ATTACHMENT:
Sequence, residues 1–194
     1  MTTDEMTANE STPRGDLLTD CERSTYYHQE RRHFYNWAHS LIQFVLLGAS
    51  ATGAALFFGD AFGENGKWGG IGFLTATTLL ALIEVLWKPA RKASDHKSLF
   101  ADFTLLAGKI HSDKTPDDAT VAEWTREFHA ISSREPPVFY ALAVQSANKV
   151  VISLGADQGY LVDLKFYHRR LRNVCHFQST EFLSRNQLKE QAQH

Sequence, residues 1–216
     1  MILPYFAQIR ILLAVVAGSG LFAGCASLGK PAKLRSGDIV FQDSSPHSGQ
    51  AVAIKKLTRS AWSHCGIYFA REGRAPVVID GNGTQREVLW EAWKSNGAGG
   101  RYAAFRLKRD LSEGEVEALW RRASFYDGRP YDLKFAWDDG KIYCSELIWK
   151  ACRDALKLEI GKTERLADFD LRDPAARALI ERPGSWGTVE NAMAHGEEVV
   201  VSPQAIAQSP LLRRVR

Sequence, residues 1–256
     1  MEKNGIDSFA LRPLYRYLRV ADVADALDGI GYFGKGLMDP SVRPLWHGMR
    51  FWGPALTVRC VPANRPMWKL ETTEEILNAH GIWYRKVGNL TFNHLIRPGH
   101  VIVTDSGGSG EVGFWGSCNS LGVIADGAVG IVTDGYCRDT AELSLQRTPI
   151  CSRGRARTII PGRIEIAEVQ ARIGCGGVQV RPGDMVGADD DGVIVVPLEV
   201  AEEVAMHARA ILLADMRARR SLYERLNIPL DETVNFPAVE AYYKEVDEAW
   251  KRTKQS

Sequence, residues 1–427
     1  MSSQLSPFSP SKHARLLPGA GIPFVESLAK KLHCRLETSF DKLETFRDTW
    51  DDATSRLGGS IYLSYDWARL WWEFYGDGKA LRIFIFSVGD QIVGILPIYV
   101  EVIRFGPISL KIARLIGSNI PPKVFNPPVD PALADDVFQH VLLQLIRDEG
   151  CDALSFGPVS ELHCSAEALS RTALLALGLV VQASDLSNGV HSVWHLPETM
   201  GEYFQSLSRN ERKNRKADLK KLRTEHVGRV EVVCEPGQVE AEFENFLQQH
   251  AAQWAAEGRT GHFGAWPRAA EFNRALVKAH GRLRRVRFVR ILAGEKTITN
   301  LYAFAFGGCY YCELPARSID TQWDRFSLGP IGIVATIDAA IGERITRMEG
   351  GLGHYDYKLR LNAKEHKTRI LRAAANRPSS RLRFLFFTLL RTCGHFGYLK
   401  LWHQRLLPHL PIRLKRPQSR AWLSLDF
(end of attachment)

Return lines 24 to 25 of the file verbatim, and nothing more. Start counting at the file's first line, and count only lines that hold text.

   201  GEYFQSLSRN ERKNRKADLK KLRTEHVGRV EVVCEPGQVE AEFENFLQQH
   251  AAQWAAEGRT GHFGAWPRAA EFNRALVKAH GRLRRVRFVR ILAGEKTITN